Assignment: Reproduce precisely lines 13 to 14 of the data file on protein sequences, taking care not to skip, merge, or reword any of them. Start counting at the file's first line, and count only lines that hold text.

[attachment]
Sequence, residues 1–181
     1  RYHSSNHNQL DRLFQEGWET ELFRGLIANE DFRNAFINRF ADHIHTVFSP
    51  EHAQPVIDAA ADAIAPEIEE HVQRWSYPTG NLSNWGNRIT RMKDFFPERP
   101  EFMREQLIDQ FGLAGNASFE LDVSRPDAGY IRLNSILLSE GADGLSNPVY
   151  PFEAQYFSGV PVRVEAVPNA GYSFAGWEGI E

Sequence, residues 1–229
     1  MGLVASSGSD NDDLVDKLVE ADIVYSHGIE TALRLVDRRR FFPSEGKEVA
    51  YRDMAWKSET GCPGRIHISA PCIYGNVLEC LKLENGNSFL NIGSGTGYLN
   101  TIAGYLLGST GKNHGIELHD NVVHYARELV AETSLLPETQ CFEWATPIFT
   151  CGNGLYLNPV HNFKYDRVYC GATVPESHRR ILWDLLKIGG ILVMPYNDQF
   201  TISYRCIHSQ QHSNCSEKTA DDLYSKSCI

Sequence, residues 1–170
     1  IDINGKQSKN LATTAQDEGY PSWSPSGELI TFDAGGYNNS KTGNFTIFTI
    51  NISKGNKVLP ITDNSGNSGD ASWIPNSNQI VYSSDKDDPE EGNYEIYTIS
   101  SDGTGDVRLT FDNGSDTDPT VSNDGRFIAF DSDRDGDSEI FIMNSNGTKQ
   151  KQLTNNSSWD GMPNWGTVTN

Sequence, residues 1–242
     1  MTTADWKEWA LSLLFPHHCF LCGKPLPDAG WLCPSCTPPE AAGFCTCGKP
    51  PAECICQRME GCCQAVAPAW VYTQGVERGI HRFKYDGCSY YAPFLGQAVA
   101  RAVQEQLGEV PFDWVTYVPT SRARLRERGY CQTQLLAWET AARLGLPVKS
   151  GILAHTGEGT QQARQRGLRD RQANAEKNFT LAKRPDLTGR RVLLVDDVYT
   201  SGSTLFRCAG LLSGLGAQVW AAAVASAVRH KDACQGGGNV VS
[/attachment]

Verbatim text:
     1  IDINGKQSKN LATTAQDEGY PSWSPSGELI TFDAGGYNNS KTGNFTIFTI
    51  NISKGNKVLP ITDNSGNSGD ASWIPNSNQI VYSSDKDDPE EGNYEIYTIS